Vitamin C Cuts Cancer Drug Treatment Effectiveness

Armen Hareyan's picture
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A laboratory experiment showed that vitamin C lowers cancer drug and treatment effectiveness.

A team of researchers from Memorial Sloan-Kettering Cancer Center in New York City conducted a trial on lab mice. They gave a 2000 milligram dose of vitamin C supplement to mice, which were exposed to human cancerous cells. Two hours later the mice underwent chemotherapy for cancer treatment.

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Chemotherapy was conducted with five most commonly used cancer drugs: imatinib, doxorubicin, cisplatin, methotrexate and vincristine. Vitamin C intake was found to be associated with from 30% to 70% decreased tumor cell death.

Chemotherapy drugs are working by damaging the cancer cell mitochondria, which is the cell element responsible for energy production. When cancer drugs damage mitochondria, cancerous cells receive signals of death. Vitamin C itself protects both healthy and cancerous cells from damage. Probably this is why the supplement cuts cancer drug effectiveness.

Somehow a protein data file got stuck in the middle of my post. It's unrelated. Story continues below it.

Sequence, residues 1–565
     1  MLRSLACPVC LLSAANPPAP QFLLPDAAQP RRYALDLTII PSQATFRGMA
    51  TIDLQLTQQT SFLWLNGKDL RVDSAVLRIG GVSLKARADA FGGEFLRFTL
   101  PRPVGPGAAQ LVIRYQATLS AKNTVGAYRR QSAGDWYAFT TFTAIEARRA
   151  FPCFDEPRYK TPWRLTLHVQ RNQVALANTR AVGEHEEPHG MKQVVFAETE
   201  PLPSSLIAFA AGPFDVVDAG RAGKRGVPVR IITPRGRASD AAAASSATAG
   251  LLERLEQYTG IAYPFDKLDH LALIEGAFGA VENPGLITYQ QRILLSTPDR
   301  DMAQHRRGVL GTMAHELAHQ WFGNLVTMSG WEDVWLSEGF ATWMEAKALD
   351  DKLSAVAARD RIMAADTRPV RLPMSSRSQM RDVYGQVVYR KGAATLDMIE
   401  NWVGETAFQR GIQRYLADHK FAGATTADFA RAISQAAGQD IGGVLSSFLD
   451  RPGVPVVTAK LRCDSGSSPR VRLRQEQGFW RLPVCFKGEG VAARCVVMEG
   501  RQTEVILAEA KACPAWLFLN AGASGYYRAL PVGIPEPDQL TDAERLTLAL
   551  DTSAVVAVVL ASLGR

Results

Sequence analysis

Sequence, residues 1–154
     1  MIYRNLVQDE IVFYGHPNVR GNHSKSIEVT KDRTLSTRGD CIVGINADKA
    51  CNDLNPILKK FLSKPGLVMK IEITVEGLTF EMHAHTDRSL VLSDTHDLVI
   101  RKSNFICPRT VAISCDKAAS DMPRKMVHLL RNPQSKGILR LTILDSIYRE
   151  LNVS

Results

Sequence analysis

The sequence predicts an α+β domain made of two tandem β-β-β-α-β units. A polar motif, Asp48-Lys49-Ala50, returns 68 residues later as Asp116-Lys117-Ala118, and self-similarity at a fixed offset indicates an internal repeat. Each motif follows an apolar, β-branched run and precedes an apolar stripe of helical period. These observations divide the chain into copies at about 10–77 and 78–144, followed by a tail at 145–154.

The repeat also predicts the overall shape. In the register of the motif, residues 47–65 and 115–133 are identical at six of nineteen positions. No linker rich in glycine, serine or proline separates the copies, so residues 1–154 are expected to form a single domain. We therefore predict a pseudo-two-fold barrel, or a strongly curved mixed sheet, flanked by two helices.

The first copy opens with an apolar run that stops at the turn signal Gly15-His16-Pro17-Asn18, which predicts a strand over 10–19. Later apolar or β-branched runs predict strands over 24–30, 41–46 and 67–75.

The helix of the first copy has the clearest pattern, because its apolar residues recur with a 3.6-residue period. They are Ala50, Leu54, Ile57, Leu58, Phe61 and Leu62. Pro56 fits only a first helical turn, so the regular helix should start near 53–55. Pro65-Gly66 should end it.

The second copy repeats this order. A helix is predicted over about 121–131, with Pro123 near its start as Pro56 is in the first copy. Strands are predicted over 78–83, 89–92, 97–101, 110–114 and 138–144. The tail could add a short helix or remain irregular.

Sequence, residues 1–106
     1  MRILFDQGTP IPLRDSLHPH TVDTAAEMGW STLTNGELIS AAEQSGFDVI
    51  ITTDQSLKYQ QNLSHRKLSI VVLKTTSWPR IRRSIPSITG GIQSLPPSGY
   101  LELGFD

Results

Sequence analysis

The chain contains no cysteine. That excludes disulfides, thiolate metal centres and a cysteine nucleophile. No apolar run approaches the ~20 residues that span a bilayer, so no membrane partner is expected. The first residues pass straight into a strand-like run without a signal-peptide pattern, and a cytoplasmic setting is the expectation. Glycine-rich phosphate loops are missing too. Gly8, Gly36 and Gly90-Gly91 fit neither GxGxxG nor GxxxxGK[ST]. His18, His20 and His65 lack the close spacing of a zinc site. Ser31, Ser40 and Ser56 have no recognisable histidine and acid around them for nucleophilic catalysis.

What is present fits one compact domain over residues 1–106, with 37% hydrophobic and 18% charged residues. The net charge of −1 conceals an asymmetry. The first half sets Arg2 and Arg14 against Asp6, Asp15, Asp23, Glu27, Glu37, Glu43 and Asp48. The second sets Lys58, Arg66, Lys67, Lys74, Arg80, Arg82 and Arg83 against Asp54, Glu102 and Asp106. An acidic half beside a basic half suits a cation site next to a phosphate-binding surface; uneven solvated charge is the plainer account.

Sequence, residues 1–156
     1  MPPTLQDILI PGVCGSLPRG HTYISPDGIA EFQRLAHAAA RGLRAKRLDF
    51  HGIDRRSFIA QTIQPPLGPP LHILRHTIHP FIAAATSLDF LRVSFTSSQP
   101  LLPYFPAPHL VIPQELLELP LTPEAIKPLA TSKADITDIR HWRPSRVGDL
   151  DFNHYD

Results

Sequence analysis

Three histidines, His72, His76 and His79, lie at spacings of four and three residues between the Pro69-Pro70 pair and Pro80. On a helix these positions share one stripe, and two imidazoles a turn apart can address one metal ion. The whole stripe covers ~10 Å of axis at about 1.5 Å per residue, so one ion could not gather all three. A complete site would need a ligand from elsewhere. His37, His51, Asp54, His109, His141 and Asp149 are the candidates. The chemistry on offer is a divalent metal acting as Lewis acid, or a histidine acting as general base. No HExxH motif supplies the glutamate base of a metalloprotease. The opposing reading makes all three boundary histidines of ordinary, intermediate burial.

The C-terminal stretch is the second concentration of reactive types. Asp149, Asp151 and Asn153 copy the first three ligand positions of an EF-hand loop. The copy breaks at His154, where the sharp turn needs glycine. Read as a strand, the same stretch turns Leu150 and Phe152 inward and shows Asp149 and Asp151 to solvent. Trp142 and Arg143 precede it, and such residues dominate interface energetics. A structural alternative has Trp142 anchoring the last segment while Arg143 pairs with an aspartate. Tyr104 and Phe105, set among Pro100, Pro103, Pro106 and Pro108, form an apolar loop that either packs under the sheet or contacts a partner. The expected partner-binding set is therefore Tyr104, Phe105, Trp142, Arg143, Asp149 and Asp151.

Since 1970s scientists are looking at how vitamin C can affect cancer treatment and there was a study saying that high doses of it's injection can cure cancer. This is why researchers did not expect controversial results.

However, researchers urge that it is vitamin C supplement conflicting with cancer treatment, natural vitamins in fruits and vegetables will never conflict with any treatment. This is why those undergoing chemotherapy should avoid taking supplements, but they (and everyone else) are always encouraged to eat vitamin rich food.

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